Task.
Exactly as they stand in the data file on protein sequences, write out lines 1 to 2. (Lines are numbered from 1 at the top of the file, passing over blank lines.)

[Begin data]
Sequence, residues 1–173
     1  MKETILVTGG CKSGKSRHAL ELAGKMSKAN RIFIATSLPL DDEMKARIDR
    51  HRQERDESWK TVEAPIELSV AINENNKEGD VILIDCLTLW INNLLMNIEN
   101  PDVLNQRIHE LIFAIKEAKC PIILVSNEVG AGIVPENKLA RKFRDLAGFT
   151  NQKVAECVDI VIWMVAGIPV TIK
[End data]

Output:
Sequence, residues 1–173
     1  MKETILVTGG CKSGKSRHAL ELAGKMSKAN RIFIATSLPL DDEMKARIDR